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Remembering Sister Dorothy Beck

Sister Dorothy Beck, a native and very proud Philadelphian, was born to Ernest and Dorothy Beck, the eldest of five children. She was followed by three brothers: Ernie, James, John, and a sister, Miriam. She happily attended Most Blessed Sacrament Grade School and West Philadelphia Catholic High School, the latter awarding her with the distinction of entrance into the Alumni Hall of Fame. By all accounts, Sr. Dorothy was the typical oldest child, loyal, loving, and protective as she watched and fretted over her younger siblings. But on December 8, 1954, her life took on an added dimension as she entered the congregation of the Handmaids of the Sacred Heart of Jesus.

In her sixty-three years as a Handmaid, Sr. Dorothy served in numerous capacities, among them teacher, religious education coordinator, principal, administrator, community superior, and provincial superior. Her very first assignment was teaching in a school in Baltimore, and was quickly followed by assuming a teaching position at the Handmaid High School, Ancilla Domini Academy (ADA). After only a year at ADA in Germantown, Sr. Dorothy was reassigned to be the eighth grade teacher and principal at Assumpta Academy in Wyncote. It was clear from the start that she enjoyed the boys immensely and really didn’t seem to miss the “drama” of high school girls. What some may not know, though, is that during her time at Assumpta, she not only taught lessons in the classroom and served as principal, but Sr. Dorothy was also the bus driver. Actually, she didn’t drive a bus, but she did shuttle the students in the sisters’ station wagon!

Sr. Dorothy’s dedication to the Handmaids and to those to whom she ministered was unsurpassed. She was the Provincial Superior of the USA Province three times, serving for a total of 18 years. She has also been the Community Superior in three of the USA communities, Wyncote, Miami, and Haverford. In addition to her community and educational responsibilities in Wyncote, Sr. Dorothy was also the Coordinator of Mission Effectiveness and the initiator of the ACJ associates. In Miami, Sr. Dorothy served as the director of Religious Education in Broward County, Florida, where she oversaw 42 parishes and 3 missions. In Haverford, (her most recent active ministry), Sr. Dorothy was the Provincial Superior, Community Superior, and Director of the Saint Raphaela Center until July, 2016. Quite a feat for an octogenarian!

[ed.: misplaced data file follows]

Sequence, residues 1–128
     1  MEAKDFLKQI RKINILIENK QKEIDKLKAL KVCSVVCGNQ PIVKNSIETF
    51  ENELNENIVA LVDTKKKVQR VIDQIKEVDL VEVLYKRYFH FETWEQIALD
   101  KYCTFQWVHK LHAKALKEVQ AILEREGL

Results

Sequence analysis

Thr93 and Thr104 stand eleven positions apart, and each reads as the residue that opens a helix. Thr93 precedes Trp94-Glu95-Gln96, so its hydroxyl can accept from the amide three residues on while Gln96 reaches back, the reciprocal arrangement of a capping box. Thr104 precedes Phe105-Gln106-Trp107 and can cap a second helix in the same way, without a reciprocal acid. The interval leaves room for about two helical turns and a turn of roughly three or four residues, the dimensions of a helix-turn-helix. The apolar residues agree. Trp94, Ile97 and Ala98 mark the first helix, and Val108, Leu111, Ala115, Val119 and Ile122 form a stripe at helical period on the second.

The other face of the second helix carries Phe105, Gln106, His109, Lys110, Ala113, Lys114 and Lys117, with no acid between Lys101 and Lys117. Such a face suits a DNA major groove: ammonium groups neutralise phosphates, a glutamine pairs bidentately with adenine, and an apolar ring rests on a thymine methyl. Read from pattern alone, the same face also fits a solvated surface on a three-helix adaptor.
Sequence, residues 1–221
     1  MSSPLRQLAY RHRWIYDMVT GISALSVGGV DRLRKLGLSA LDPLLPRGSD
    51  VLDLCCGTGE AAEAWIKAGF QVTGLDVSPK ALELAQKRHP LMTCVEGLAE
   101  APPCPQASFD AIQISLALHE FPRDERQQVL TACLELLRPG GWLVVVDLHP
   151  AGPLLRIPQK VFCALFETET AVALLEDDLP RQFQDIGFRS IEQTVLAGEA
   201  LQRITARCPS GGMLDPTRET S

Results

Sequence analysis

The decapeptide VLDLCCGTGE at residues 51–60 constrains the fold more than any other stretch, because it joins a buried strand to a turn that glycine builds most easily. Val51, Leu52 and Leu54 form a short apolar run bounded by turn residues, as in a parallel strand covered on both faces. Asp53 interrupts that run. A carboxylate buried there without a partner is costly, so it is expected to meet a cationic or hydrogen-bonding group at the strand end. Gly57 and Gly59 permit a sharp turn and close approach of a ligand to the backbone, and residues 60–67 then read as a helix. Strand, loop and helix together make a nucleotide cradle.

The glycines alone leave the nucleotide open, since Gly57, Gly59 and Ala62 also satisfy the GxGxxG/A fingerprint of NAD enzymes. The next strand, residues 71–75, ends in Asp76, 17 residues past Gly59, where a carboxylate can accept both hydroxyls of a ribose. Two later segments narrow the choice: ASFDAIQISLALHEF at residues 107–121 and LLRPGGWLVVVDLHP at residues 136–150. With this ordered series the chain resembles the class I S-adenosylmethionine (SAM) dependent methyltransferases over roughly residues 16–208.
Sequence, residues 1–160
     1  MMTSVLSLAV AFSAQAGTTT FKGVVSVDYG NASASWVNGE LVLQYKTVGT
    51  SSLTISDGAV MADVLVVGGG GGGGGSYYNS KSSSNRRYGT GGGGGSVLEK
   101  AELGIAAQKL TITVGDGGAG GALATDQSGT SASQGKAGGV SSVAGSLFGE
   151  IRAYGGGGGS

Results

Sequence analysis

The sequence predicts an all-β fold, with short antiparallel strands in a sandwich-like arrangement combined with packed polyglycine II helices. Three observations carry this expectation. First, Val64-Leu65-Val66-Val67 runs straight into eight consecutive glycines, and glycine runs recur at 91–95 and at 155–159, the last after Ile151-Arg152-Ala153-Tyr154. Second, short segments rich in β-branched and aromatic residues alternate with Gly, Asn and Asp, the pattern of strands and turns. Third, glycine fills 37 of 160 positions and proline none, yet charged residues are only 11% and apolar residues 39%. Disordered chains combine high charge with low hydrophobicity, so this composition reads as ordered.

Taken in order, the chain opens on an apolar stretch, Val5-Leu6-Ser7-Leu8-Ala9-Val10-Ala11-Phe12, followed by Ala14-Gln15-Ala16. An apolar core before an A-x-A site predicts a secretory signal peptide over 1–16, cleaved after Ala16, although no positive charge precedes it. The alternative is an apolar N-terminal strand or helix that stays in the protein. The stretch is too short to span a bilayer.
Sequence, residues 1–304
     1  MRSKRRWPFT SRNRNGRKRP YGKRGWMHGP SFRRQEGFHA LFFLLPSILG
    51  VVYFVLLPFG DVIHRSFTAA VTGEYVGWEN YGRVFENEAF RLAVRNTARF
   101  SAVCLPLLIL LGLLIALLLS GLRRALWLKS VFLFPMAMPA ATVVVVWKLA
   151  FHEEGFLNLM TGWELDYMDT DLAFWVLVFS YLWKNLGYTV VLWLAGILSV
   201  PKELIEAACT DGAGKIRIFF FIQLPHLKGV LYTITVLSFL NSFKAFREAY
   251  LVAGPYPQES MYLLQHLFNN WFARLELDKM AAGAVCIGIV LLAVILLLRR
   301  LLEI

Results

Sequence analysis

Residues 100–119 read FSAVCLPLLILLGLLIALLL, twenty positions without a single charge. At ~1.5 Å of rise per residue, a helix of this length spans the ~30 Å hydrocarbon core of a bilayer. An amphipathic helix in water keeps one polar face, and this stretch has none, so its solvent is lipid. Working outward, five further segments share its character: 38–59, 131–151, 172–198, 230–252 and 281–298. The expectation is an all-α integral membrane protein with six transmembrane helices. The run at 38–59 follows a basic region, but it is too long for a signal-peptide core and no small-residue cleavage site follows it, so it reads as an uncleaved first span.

At the Center, a ministry she had served in several times, Sr. Dorothy consistently brought her Handmaid hospitality and joy to more than 5,000 retreatants each year. She took great delight in coordinating and planning programs, retreats, and services that would enable participants to feel the healing and reparative power of Christ. She loved to witness the spiritual development of those who sought guidance or enlightenment at the Center. She was invigorated through the conversations and reflections individuals shared with her during and after their time at the Center. In short, Sr. Dorothy loved retreat ministry.

To countless individuals, Sr. Dorothy was a sister, a friend, a colleague, a confidante, a person who, body and soul, mind and heart, espoused the Handmaid values and charism…A person who, like the Blessed Mother, willingly and without hesitation, said “Yes” to God’s call more than six decades ago. Thoughtful, caring, and compassionate, she shared her warmth with an open heart and open arms. She brought the love of Christ in every single thought and action. At the very core of her being, Dorothy’s greatest desire was to “bring healing to people’s hearts and peace to their relationships with God, with one another, and with creation.” This is the Handmaid mission, and yes, for sixty plus years, it was Sr. Dorothy’s mission. Today, I think we can all attest to Dorothy having succeeded.

Sr. Dorothy’s gifts to us all – her presence in our lives and throughout the relationships we have been blessed to share can be summed up quite simply: With affirmation and resolve, we are grateful for her “Fiat” – her willingness to say “Yes” and to stay true to her word and promise. “With love and for love” Dorothy has shared herself abundantly. It is this love, a love that is unselfish and involves sacrifice and giving that typified Dorothy. It is a genuine Christ-like love that calls for affection and respect, order, and encouragement that has helped light the way for each of us.